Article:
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Water Efficient Shower Head Offer – Project Report (2009)

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Following continued pressure on water supplies in the UK, water efficiency had become a concern of the government and regulators. Measures to encourage water efficiency have become increasingly important, and both OFWAT and the Environment Agency (EA) have made clear their expectation that efficiency measures should form part of water companies Water Resources Management Plans (WRMP).

One promising device that may have potential to improve water efficiency is aerated showerheads. A study by UU and Liverpool John Moores University suggests that these can reduce the flow rate from mixer and power showers, without impacting the shower experience ( Water and Energy Efficient Showers: Project Report , 2007).

In order to gather more data about the potential of aerated showerheads, a study on the feasibility of a mail order showerhead offer was undertaken by UU. Its main aims were to:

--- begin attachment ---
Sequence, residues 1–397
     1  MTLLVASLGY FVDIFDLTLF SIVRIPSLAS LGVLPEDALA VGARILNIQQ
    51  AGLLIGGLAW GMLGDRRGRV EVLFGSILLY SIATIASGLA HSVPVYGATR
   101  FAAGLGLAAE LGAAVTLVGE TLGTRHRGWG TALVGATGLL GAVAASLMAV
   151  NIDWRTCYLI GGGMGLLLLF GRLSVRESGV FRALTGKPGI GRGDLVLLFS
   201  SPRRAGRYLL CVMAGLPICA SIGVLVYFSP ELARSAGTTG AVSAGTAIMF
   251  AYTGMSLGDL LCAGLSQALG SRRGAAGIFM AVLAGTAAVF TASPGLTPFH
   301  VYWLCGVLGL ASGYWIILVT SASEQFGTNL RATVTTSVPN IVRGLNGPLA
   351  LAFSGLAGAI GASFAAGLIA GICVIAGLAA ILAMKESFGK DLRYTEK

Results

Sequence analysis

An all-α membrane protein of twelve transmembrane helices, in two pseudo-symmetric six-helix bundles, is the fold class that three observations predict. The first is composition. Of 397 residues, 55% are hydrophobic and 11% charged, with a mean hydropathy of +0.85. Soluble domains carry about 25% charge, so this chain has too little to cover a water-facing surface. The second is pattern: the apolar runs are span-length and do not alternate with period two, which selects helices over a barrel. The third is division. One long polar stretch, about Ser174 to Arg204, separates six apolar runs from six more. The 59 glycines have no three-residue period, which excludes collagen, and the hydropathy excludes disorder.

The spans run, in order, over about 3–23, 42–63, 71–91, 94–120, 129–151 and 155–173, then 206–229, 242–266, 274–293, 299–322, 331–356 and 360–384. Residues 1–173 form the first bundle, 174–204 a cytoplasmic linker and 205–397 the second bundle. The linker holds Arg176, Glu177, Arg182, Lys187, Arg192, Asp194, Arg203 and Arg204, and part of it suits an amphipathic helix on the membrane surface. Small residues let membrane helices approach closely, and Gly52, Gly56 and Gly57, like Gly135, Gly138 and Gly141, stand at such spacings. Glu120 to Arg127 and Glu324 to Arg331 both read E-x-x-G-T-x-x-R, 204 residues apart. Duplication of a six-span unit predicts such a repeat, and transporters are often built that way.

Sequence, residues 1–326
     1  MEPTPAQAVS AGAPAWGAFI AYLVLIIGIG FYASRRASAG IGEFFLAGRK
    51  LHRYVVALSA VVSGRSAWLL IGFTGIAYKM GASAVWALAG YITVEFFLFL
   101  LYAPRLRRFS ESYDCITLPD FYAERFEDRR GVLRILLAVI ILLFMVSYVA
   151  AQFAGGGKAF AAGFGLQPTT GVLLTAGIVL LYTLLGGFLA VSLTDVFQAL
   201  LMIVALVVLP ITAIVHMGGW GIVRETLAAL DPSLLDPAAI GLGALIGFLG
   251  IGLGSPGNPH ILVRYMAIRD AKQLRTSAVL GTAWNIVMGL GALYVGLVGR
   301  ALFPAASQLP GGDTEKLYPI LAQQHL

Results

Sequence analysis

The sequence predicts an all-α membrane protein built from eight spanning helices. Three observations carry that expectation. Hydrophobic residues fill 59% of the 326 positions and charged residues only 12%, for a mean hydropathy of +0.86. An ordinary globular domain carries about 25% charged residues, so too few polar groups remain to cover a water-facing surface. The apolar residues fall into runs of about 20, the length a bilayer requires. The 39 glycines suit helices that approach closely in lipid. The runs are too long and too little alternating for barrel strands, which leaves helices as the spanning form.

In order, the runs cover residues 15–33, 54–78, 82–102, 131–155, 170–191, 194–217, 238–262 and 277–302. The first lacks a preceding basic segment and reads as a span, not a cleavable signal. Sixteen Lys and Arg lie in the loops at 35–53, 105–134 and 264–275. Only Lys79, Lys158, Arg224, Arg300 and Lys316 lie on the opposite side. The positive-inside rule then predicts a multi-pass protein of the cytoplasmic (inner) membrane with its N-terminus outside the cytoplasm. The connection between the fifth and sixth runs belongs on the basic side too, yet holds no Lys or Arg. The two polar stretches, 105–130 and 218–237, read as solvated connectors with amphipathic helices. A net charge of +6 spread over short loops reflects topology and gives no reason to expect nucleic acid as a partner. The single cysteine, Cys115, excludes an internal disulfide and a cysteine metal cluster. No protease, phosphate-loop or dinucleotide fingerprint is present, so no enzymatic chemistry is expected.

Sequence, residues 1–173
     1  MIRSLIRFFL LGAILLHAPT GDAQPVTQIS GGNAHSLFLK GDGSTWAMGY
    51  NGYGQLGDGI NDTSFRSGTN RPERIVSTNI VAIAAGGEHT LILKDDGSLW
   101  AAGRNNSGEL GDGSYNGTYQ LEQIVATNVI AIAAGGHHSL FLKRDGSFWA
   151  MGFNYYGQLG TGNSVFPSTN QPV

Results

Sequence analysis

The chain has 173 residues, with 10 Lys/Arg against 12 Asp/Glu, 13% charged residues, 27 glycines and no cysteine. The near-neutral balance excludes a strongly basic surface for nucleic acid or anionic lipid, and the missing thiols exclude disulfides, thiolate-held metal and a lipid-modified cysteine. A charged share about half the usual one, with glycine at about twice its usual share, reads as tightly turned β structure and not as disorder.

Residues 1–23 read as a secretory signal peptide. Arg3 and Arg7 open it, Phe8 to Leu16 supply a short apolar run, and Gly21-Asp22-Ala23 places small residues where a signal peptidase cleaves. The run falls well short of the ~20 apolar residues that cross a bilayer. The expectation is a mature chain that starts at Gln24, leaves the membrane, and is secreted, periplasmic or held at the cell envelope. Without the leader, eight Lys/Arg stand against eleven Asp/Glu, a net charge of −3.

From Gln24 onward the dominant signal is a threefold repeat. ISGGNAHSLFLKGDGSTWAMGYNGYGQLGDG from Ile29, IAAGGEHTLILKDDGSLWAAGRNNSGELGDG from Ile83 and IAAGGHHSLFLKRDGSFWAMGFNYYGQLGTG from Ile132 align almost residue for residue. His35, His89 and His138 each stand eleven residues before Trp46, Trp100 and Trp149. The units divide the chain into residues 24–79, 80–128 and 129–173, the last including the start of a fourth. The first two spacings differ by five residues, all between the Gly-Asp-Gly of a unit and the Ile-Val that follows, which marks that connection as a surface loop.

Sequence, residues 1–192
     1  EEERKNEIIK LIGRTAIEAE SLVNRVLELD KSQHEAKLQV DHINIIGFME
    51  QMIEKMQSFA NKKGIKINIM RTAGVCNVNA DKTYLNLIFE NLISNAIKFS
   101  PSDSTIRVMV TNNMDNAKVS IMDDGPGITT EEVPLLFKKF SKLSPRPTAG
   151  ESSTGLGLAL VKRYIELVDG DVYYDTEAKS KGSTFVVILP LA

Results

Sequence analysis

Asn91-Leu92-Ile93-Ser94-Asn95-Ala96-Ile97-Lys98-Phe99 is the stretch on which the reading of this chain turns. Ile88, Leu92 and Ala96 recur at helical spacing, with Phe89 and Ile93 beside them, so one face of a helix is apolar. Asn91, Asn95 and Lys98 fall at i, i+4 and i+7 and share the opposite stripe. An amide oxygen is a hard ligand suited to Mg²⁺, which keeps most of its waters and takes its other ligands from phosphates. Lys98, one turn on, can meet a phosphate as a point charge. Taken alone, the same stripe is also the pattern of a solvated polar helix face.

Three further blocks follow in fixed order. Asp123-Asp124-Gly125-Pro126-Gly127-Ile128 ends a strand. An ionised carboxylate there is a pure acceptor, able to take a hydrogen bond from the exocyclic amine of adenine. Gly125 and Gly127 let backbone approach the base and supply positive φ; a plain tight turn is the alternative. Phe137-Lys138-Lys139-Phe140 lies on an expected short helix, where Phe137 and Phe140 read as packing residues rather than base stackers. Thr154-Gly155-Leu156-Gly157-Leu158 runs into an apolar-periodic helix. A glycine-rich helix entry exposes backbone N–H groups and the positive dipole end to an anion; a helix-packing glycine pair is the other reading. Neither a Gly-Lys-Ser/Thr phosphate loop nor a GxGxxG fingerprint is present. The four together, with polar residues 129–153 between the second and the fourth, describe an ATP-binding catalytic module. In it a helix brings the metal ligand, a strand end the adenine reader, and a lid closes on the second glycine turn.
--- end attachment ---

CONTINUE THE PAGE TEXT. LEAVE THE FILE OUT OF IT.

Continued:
• ·  establish how willing customers were to install free showerheads
  • ·  determine customer opinion on aerated showerheads and retention rates
  • ·  investigate how much water and carbon aerated showerheads could save
  • ·  understand the likely cost of distributing showerheads by post to customers to installthemselves
  • ·  establish the feasibility of using postal services as a mechanism for distributing freeshowerheads2002 domestic metered customers from across the northwest were contacted and offered a free aerated showerhead. The aim of the study was to understand the likely take up rate of a free water efficient showerhead offer, and to see how customers found the experience of using an aerated showerhead. In total 155 showerheads were sent to customers, and 118 experience questionnaires were received in return.